Chapter 7 bankruptcy is arguably the most aggressive form of bankruptcy available to individuals dealing with unsustainable levels of debt. Without making an effort to repay their debts, individuals can theoretically discharge unsecured debt such as credit card balances and medical debt through Chapter 7 proceedings.

Provided that you can pass the Texas means test, you can ask the courts to discharge your debt in Chapter 7 bankruptcy. In order to protect companies from falling victim to individuals who accrue massive debt and then discharge it to avoid repaying it, the courts limit your income when you file for Chapter 7 bankruptcy, which is why you must pass a means test. They also require the liquidation of assets if you have possessions of significant value.

Concerns about the courts requiring the liquidation of a home or ranch are one reason why people may avoid filing bankruptcy when they would definitely benefit from the end of collection efforts and the discharge of their debt. Thankfully, Texas has strong protections for homeowners and ranchers when it comes to how much home equity or acreage they can exempt from liquidation in a Chapter 7 bankruptcy.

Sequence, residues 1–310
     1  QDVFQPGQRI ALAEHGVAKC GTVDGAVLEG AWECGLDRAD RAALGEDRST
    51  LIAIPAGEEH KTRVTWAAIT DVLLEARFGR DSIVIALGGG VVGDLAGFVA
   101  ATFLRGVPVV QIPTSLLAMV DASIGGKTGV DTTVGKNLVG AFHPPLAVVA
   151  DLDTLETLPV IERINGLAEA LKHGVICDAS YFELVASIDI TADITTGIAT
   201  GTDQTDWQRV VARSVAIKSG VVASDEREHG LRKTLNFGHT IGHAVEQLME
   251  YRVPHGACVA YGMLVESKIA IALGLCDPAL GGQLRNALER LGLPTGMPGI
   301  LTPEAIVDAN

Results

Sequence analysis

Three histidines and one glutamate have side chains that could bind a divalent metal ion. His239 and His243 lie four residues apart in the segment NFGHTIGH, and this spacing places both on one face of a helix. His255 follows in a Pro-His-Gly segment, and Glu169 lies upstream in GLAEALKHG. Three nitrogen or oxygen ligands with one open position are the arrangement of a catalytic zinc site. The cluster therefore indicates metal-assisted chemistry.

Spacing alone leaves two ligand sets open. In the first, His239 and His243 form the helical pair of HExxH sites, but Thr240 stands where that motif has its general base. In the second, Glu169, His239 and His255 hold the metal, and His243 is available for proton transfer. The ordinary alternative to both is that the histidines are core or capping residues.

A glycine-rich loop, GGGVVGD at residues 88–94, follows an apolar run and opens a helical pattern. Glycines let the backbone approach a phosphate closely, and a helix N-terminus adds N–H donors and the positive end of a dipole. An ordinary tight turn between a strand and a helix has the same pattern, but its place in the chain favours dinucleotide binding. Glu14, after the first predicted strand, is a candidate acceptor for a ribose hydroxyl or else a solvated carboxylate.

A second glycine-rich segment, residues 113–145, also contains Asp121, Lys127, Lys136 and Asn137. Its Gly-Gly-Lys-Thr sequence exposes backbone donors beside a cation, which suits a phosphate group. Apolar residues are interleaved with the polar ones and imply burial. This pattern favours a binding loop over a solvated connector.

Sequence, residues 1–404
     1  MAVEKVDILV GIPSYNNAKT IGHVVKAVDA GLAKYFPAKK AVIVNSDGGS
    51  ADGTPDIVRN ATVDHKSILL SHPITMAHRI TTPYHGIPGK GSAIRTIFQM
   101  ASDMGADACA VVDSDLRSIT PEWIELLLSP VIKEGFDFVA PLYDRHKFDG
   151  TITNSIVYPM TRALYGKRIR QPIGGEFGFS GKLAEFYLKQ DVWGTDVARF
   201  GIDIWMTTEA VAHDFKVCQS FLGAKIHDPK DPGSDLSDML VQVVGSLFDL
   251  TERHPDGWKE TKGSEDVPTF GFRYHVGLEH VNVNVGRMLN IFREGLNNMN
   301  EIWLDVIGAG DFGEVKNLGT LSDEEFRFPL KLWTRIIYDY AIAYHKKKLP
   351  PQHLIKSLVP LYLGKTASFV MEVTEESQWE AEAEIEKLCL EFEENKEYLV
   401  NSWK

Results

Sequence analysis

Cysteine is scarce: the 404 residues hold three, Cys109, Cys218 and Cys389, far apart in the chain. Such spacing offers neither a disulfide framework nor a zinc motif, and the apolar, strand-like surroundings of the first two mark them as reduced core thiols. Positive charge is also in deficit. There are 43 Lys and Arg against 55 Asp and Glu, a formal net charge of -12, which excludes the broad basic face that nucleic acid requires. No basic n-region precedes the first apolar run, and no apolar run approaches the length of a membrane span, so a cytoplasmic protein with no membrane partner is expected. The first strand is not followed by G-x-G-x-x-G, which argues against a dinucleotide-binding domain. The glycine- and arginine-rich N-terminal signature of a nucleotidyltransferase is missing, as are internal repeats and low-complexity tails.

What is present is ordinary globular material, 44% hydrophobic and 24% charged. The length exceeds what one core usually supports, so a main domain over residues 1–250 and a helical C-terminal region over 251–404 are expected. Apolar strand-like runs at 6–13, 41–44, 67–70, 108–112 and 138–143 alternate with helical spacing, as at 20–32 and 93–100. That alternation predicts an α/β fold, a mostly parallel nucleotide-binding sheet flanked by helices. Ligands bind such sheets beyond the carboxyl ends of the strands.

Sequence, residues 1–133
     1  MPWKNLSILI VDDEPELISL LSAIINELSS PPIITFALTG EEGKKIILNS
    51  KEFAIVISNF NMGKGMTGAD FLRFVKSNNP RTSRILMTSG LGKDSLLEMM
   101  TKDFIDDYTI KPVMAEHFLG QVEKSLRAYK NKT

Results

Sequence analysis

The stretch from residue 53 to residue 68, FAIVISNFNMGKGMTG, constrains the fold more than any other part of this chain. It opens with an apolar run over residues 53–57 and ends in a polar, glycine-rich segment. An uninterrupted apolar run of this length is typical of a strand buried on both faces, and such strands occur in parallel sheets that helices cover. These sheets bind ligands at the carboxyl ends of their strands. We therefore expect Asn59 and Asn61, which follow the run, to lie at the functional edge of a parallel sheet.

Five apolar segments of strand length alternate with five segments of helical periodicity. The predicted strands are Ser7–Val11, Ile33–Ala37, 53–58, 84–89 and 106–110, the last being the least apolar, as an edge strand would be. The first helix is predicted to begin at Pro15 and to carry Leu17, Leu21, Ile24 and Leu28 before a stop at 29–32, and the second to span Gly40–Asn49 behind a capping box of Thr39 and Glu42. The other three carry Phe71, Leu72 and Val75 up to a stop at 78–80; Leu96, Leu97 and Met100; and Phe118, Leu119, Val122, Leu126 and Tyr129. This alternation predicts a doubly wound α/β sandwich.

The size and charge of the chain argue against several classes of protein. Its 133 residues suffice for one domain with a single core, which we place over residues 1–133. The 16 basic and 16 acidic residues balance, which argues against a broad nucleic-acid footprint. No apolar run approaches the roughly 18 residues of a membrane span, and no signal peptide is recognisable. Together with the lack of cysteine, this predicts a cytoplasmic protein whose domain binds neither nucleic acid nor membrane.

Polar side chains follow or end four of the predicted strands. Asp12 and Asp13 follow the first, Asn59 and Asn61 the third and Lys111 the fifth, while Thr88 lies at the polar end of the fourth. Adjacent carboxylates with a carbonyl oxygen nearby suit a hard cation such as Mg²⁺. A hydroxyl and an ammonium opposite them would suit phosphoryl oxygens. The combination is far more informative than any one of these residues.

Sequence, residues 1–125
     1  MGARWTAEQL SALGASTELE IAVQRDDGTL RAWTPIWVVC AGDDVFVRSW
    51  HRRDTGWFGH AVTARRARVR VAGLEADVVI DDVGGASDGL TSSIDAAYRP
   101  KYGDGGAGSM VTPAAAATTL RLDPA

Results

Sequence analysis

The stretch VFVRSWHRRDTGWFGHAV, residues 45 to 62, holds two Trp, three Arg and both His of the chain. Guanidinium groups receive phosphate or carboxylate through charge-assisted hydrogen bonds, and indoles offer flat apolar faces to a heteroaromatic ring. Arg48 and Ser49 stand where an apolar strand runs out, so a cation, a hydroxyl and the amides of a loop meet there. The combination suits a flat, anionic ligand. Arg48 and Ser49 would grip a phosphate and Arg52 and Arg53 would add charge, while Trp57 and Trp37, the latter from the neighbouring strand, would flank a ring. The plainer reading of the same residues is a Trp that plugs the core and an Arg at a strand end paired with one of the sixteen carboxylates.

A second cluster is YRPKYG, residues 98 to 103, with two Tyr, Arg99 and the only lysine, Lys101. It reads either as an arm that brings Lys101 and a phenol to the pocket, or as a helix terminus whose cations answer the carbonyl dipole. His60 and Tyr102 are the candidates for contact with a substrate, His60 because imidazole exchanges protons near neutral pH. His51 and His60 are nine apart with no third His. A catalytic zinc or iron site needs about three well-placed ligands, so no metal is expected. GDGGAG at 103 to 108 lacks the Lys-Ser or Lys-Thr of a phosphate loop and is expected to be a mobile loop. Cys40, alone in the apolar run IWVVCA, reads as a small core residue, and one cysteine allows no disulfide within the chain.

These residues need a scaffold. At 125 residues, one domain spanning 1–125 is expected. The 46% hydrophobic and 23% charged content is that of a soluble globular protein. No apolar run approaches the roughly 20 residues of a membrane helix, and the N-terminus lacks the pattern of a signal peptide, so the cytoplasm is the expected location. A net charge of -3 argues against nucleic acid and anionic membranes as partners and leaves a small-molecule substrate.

How do bankruptcy exemptions work?

The purpose of bankruptcy is to help you regain control over your financial circumstances, and not force you into abject poverty. As such, there are certain assets that are exempt from liquidation in order to ensure you can have a basic standard of living after filing bankruptcy.

Common exemptions include some amount of home furnishings, your personal wardrobe, vehicles and some amount of equity in your home. Provided that you give the courts accurate information regarding your assets and their value, you can potentially protect the items that matter the most to you from liquidation and sale in bankruptcy.

How much property can you exempt in Texas chapter 7 proceedings?

Texas allows you to use either the federal or state exemptions. If you choose the federal exemptions, you must use them for every category. The same is true for a few select Texas state exemptions.

For those who choose to use the Texas exemptions, the law will allow them to protect an unlimited value in their home, with limits instead on the size of their property. Those living in a city or village can have up to 10 acres and a home exempted, while those in rural areas can exempt up to 100 acres.

Depending on the value of your home and other assets that you own, you can make a strategic choice regarding which kind of exemption will offer you more benefits during Chapter 7 bankruptcy.